Ingredients:

  • 3 medium zucchini
  • 3 tablespoons vegetable oil (or oil of choice)
  • 1 egg
  • ¾ cup Panko
  • ⅓ cup Parmesan cheese
  • 1 Tbsp. dried parsley
  • 1½ teaspoons freshly ground pepper

Directions:

Preheat oven to 425 degrees.

Line a baking sheet with foil. Spray with nonstick baking spray.

Trim zucchini ends. To cut into sticks; cut each zucchini in half, then cut each half in half lengthwise, then each quarter in half again (about 8 sticks from each zucchini). Set aside.

In a shallow dish, whisk together the oil and egg. In a separate shallow dish, mix the panko, cheese, parsley and pepper.

Dip zucchini sticks in the egg mixture and then in the panko mixture to coat completely. Place in a layer, not touching, on prepared baking sheet.

Bake in preheated oven for 20 to 25 minutes or until crispy and golden-brown.

Serve with ketchup, marinara sauce or tartar sauce for dipping.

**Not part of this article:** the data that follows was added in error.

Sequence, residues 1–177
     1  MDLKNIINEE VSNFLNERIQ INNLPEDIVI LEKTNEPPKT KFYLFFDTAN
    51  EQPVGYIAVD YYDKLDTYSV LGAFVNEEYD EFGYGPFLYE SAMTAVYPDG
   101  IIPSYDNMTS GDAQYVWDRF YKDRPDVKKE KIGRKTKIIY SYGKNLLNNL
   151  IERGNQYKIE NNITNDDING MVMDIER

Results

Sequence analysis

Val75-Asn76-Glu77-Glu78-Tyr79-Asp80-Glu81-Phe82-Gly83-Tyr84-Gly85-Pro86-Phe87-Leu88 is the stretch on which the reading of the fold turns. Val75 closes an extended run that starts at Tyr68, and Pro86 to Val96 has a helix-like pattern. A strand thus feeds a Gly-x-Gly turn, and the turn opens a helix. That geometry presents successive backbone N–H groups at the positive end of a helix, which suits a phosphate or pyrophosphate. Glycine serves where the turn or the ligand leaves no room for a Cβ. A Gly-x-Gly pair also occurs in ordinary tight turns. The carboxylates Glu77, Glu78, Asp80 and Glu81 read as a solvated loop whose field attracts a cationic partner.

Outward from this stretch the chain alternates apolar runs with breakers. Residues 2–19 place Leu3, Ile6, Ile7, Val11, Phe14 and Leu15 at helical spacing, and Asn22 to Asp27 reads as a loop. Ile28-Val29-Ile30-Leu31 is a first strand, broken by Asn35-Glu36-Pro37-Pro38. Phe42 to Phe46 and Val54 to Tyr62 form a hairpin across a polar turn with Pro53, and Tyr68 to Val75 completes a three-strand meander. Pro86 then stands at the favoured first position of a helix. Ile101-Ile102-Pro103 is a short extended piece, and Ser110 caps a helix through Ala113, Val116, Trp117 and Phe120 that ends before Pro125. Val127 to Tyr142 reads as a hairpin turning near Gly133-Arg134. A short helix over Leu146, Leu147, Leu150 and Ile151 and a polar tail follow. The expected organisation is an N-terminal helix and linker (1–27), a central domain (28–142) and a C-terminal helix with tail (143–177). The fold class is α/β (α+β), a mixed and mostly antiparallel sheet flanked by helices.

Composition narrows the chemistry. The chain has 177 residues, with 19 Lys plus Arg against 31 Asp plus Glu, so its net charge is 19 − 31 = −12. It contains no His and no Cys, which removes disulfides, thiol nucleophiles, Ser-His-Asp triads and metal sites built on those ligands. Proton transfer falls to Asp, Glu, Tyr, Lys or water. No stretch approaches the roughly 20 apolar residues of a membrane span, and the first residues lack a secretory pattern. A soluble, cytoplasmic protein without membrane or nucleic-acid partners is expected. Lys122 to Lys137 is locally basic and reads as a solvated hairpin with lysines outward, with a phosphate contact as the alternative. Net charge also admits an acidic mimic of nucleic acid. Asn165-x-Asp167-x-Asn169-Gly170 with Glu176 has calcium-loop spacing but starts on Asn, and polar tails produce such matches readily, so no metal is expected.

Chewy Flapjacks (Dairy)

Makes 24

Cook’s Tips:
*British flapjacks are prepared with rolled oats.
*To make the recipe pareve, replace margarine for butter.
*Crumbled flapjacks can be sprinkled over fruit or ice-cream.

Ingredients:

  • 2 sticks (½ pound) butter
  • 1 cup brown sugar, packed
  • 5 tablespoons honey
  • 3½ cups instant rolled oats

Directions:

Preheat oven to 350 degrees.

Line an 8×8-inch baking dish with parchment paper or foil, extending an inch or so above the rim. Spray lightly with nonstick baking spray.

In a large saucepan over medium heat, melt the butter. Add the sugar and honey; mix to blend well. Do not boil. Remove from heat. Stir in the oats, about 1 cup at time, mixing well.

Spoon into prepared dish, pressing down evenly with a wooden spoon.

Bake in preheated oven for 25 minutes. Flapjacks will be soft. Cool in dish for 45 minutes to firm.

Cut into squares. Cool completely in the refrigerator. When cooled, remove flapjacks from parchment paper. Store in the fridge in a tightly lidded container. Freezes well.

Ethel G. Hofman is a widely syndicated American Jewish food and travel columnist, author and culinary consultant.